Dean of Admissions Marilee Jones attended an early Task Force meeting to report on the profile of the current generation of students and how this profile has changed in the past ten years. According to Marilee, our students have broader interests than MIT students of the past.

They have been encouraged throughout their lives to engage in a wide range of activities and feel significant pressure to succeed in all of them. These students are accustomed to having little unstructured time and have had minimal experience with failure. All of these factors have significant implications for how we teach our students and consequently what and how well they learn.

During an intensive work week held shortly after Commencement, the Task Force heard from instructors of a few of the innovative, hands-on subjects that are taught throughout the Institute, such as 12.000 (Solving Complex Problems); 2.000 (How and Why Machines Work); and 6.002X (an experimental version of Circuits and Electronics). The group considered whether these classes could serve as models for additions to the educational commons that would increase enthusiasm and conceptual learning among students. Dr. Lori Breslow of MIT's Teaching and Learning Lab joined the group for a discussion of recent pedagogical research underway at MIT and elsewhere. The group reviewed the success of active learning approaches and debated the methods and feasibility of incorporating this type of teaching into a wider range of subjects.

The Task Force spent a full morning talking with Associate Dean of Engineering Dick Yue, chair of the School of Engineering Council on Undergraduate Education (ECUE). In addition to hearing about the results of a number of surveys of SoE students and faculty (including a study of engineering student workload patterns), Professor Yue shared ECUE's thoughts on potential links between engineering education and the core educational program.

The Task Force also reviewed preliminary findings from this year's Senior Survey and requested additional analysis from the Institutional Research staff of the Provost's Office. As in the past, the data indicated that students at MIT place greater importance on developing analytical, quantitative, and problem solving abilities than on understanding and appreciating the humanities, arts, and social sciences. The Task Force hopes to be able to track the priorities of students over time and compare MIT results to that of other institutions, shedding light on whether it is reasonable for the MIT educational commons to encourage greater balance among these areas.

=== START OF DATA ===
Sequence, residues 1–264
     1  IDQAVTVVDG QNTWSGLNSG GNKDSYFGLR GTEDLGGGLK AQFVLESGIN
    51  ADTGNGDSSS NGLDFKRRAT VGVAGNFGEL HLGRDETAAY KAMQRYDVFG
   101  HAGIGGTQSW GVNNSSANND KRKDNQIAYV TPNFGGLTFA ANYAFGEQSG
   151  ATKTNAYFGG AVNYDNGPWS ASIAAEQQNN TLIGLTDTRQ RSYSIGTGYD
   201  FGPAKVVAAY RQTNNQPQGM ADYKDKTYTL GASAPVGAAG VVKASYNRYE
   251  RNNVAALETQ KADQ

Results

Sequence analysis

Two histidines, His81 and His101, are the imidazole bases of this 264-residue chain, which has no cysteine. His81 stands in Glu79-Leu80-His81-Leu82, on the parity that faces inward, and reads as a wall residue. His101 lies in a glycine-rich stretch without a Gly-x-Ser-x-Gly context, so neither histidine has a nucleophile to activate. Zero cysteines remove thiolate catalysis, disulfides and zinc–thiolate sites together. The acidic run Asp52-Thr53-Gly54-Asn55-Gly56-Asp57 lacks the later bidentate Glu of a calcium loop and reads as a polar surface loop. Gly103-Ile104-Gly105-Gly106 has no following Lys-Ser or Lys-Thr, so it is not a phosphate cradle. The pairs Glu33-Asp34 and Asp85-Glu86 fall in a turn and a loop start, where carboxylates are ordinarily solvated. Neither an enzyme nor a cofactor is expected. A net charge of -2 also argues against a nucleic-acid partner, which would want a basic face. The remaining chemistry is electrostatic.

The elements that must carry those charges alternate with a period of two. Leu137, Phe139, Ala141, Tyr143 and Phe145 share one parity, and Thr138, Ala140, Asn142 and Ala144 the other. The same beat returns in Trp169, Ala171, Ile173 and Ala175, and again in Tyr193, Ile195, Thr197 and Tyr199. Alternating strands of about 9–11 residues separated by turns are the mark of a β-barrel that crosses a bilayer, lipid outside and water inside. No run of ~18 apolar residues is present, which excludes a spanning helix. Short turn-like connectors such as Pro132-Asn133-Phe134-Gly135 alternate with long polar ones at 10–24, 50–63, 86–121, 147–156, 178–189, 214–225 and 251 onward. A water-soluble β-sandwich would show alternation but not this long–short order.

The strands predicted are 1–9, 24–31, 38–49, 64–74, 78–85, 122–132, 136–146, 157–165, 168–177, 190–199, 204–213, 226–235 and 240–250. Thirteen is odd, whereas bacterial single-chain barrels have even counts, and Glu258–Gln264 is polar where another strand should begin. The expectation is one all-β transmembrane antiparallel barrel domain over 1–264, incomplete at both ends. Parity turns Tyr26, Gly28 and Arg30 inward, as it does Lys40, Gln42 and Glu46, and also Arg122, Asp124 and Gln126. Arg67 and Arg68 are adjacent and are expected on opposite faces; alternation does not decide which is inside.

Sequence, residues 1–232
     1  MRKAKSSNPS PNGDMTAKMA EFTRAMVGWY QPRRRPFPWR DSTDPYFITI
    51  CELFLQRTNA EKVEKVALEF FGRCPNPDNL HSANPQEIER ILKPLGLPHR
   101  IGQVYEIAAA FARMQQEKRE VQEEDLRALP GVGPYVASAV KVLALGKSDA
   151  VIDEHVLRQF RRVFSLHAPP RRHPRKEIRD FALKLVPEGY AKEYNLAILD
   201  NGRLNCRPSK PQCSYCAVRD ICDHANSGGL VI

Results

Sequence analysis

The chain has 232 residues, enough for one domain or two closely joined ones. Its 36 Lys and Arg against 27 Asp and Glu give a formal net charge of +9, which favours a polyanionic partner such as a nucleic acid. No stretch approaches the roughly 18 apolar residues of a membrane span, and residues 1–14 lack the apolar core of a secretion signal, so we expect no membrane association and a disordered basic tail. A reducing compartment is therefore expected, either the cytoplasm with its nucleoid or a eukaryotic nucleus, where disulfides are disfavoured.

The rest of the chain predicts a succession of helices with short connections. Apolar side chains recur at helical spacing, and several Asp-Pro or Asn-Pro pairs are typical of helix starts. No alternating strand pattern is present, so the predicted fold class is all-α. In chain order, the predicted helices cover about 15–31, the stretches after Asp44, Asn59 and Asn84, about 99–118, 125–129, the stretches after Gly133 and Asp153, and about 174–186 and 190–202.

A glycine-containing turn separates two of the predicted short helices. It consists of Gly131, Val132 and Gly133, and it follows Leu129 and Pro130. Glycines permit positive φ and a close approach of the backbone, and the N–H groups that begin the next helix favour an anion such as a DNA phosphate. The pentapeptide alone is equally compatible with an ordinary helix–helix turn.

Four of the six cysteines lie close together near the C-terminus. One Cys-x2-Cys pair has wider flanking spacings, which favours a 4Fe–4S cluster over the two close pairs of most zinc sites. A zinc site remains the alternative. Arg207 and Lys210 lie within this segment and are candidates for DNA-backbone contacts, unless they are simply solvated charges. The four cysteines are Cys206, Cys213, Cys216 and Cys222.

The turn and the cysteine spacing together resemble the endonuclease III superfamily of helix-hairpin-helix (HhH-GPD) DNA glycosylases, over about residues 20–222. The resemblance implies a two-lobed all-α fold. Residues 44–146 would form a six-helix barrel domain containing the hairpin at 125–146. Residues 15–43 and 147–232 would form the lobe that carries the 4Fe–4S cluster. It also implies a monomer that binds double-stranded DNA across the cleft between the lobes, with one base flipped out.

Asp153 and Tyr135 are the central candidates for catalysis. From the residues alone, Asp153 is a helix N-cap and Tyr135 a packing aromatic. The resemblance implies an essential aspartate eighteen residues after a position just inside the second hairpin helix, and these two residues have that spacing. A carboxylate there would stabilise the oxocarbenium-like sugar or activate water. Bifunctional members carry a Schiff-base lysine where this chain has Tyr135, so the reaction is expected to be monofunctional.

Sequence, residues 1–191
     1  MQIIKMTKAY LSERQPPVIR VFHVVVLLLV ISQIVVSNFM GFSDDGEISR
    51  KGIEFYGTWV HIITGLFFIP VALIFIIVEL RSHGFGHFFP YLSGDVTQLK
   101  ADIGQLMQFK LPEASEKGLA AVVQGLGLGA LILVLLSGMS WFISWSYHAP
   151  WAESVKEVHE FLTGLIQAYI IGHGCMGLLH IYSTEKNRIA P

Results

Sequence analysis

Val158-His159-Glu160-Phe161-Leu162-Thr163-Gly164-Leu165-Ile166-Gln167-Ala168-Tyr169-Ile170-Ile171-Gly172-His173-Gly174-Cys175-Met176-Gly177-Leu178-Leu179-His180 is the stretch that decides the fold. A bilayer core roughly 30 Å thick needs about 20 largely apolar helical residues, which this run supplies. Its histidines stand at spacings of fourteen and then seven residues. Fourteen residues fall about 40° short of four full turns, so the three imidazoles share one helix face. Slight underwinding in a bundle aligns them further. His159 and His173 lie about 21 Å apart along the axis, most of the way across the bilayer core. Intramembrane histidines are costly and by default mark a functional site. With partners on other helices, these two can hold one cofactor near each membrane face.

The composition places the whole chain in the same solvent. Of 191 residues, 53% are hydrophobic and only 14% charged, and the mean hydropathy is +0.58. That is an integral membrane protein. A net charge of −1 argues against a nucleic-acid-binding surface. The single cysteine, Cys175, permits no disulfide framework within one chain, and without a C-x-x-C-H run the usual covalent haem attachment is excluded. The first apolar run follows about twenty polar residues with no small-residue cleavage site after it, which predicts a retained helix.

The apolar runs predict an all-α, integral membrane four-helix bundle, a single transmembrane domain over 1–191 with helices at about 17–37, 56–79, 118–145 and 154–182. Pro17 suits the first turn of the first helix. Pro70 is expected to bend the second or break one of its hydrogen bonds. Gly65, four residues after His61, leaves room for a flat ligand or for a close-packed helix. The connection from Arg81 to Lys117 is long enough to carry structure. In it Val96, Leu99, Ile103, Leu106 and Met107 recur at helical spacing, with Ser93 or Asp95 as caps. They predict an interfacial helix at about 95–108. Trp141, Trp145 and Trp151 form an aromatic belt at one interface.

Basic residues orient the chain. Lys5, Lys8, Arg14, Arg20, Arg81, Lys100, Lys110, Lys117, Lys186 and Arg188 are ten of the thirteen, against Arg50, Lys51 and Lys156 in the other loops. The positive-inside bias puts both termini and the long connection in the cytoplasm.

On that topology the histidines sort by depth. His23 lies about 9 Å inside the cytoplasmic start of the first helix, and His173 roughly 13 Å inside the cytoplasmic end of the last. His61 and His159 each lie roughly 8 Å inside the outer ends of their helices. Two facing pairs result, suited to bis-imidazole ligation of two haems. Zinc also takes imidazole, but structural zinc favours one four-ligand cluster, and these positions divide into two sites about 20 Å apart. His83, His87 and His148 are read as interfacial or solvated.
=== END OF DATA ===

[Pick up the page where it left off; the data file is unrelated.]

The remainder of the work week was dedicated to reviewing the findings of prior committees regarding the goals of an MIT education and the principles that guide the teaching of our students. At the end of the week, the group broadly defined four focus areas on which to concentrate. Members divided into small groups and will report their progress to the full Task Force this month.

The Task Force was charged to engage actively with the entire mit community throughout its deliberations, and as the group moves in the upcoming months from learning mode to generating a draft set of educational goals and ideas, we intend to live up to this commitment. Members of the Task Force will begin an active outreach to departments, faculty, students, staff, and alumni to share our work-in-progress as well as to solicit feedback. In addition, our student members will establish a student advisory group to ensure that we receive regular input from the wider student community. While the Task Force has made progress, there is still much work to be done. Now that the group has developed a solid understanding of the current state of MIT's educational program and the forces that are impacting the mit experience, we can focus on what aspects of the curriculum need to be addressed and how we can best achieve educational reform. As we formulate a vision of the MIT of the future, we will look to you to provide your perspective. Contact your colleagues from the membership list below to share your ideas for enhancements to the undergraduate educational commons. For more information, see theTask Force Website: